Logline: The “it” boy of the school seems to have to have it all: the perfect life and the perfect girlfriend; but a dangerous moment has him dreading just how far her obsession will go.
Length: 5 min
Director: Alexia Salingaros
Producer: Will Underwood
About the writer, director and producer: Alexia Salingaros is a high school filmmaker who has developed her passion for creating films since the seventh grade. Her dedication and commitment to the filmmaking process allows each piece to inhabit its own unique world. With deep explorations of the human experience, Alexia channels her feelings through her work, exposing the audience to the same emotions she felt in those moments of creation.
Key cast: Jane Emma Barnett, Drew McElvany
Looking for (producers, sales agents, buyers, distributors, film festival directors, journalists): yes!
Made in association with: FatBird Films, Saint Mary’s Hall Digital Cinema
Release date: February, 2016
Where can I watch it at the film festival or in the next month? DANCES WITH KIDZ! BLK 3 – SATURDAY, JUNE 11 @ 3PM.
Congratulations! Why did you make your film?
This film was originally created as part of a local student film competition in San Antonio called “Can’t Beat Love”, which this year aimed to raise awareness on teen dating violence.
Imagine I’m a member of the audience. Why should I watch this film?
"Time Out” presents a perspective that is rarely depicted on screen, that of a female verbally and physically abusing her boyfriend.
How do personal and universal themes work in your film?
As a high school filmmaker I’m sure that the world depicted in the film subconsciously comes from my own experiences, however the storyline itself stems from mistakes that are characteristic of all humans—even full-grown adults.
How have the script and film evolved over the course of their development and production?
The focus of the film as originally written was the victim of the abuse (the boy), although as the process evolved we began to add details to the girlfriend’s character (such as the cuts on her wrist) in an effort to better understand her motives.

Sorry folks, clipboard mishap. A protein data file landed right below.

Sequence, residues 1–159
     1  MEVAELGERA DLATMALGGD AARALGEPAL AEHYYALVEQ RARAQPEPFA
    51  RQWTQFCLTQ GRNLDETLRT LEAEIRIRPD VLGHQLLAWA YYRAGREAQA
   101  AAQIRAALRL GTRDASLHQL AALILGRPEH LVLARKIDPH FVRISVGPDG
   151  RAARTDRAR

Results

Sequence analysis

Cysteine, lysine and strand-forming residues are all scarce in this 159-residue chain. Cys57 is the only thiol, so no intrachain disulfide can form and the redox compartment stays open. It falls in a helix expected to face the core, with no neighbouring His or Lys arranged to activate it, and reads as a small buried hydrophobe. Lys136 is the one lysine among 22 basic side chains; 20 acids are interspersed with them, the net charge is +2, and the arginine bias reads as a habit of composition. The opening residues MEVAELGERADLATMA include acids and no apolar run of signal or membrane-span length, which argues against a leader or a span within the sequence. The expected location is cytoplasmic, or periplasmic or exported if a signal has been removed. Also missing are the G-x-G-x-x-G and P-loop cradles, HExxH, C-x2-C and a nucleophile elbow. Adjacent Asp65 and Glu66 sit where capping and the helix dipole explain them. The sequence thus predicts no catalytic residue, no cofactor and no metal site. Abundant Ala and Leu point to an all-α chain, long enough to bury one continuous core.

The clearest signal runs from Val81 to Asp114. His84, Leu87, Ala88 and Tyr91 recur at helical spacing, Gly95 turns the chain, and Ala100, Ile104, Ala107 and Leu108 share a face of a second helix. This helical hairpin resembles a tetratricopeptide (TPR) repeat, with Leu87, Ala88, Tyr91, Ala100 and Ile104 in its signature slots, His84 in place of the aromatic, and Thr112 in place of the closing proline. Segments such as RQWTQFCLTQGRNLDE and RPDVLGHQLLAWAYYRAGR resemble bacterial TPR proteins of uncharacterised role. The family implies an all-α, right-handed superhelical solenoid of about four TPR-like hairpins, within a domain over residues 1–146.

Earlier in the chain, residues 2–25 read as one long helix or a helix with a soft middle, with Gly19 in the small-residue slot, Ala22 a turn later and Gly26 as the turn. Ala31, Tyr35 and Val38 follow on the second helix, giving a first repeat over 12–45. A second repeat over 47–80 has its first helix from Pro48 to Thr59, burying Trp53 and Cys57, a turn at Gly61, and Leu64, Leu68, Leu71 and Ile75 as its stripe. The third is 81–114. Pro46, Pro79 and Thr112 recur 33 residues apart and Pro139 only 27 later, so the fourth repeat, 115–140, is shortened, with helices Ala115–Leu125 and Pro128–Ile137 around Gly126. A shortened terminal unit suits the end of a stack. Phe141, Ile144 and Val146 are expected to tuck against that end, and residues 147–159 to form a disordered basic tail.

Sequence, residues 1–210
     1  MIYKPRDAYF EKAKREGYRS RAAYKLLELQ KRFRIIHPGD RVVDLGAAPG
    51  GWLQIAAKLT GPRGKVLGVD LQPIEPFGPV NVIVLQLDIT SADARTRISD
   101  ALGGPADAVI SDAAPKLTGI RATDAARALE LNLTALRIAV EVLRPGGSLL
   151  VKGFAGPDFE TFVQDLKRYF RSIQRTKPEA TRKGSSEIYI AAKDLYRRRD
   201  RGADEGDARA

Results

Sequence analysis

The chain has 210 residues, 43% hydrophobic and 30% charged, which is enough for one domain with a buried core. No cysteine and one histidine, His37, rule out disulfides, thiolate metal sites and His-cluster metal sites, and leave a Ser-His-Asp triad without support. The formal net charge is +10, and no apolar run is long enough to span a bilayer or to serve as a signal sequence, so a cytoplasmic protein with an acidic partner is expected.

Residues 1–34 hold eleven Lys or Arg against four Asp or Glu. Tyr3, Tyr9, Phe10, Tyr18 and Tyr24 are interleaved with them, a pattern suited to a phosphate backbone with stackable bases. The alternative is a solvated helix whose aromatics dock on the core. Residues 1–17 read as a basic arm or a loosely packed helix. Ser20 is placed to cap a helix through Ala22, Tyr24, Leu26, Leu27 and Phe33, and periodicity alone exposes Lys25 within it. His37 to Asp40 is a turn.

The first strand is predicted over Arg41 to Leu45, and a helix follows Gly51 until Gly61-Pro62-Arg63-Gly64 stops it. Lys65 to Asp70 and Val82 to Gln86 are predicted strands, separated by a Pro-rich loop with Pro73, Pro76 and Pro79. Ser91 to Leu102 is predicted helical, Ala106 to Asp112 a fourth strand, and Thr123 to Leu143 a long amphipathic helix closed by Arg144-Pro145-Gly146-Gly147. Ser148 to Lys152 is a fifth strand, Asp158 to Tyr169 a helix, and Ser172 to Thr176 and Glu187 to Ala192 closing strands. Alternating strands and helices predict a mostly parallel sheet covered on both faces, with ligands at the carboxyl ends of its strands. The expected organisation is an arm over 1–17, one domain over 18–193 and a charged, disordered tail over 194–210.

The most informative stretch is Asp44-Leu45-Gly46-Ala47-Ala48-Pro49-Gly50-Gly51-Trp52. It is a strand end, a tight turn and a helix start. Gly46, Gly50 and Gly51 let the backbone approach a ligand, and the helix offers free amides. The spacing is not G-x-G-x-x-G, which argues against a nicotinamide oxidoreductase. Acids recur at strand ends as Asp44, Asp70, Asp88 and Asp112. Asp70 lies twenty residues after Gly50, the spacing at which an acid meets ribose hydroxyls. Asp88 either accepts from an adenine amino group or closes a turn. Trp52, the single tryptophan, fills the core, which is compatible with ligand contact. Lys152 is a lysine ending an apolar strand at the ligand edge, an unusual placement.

What type of feedback have you received so far?
Audience members have found the unique point of view of this film to be refreshing, and many have come to us with their own stories and statistics supporting the narrative as if it were true.
Has the feedback surprised or challenged your point of view?
I was surprised at the willingness of audiences to take in such a rarely presented point of view, and it has empowered me to continue writing stories without the fear of assumed rejection.
What are you looking to achieve by having your film more visible on www.wearemovingstories.com?
To join the likes of "Cannes" and "Dances with Films" short films gives our film and our young team of creators an incredible opportunity for exposure.
What type of impact and/or reception would you like this film to have?
The stereotype associated with teen dating violence is that of a female victim, and with our film we are hoping to bring to light the small percentage of male victims who are overlooked (oftentimes because verbal abuse is less visible than injuries).
What’s a key question that will help spark a debate or begin a conversation about this film?
Can abuse ever be justified under the illusion of “love”?
What are the key creatives developing or working on now?
The writer/director Alexia Salingaros is finishing her last few films as a high school student before beginning her studies at NYU, Tisch School of the Arts in the fall.
If you enjoyed reading 'Time Out' we recommend 'Frenemy', about teenage bullying.
We Are Moving Stories embraces new voices in drama, documentary, animation, TV, web series and music video. If you have just made a film - we'd love to hear from you. Or if you know a filmmaker - can you recommend us? More info: Carmela